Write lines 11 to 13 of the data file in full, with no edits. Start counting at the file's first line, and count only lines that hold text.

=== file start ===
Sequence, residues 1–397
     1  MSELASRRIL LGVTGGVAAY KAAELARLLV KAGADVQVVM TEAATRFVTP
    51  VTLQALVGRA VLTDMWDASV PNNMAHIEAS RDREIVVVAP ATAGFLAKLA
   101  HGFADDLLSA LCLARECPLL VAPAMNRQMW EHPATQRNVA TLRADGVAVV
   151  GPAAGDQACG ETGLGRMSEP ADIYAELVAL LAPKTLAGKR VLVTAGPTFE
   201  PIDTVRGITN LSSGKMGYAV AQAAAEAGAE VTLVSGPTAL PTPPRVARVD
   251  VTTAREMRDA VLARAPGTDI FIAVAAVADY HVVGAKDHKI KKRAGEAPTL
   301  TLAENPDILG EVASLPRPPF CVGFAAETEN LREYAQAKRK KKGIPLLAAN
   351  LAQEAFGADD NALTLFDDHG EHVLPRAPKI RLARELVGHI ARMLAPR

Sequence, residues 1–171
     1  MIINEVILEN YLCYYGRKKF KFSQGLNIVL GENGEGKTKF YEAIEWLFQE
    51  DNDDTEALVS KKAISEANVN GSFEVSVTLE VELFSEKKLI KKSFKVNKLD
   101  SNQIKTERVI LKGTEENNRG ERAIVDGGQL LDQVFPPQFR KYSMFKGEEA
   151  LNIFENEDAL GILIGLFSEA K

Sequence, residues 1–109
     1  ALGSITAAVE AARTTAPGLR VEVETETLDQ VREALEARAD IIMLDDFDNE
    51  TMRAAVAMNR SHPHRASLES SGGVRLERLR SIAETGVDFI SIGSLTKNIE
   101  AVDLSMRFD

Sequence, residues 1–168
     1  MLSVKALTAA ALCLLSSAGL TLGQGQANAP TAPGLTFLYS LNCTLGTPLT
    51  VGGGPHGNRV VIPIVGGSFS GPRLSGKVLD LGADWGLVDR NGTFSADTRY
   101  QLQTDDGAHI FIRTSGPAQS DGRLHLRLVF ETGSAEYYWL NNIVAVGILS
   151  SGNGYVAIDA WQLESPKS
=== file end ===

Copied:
     1  MIINEVILEN YLCYYGRKKF KFSQGLNIVL GENGEGKTKF YEAIEWLFQE
    51  DNDDTEALVS KKAISEANVN GSFEVSVTLE VELFSEKKLI KKSFKVNKLD
   101  SNQIKTERVI LKGTEENNRG ERAIVDGGQL LDQVFPPQFR KYSMFKGEEA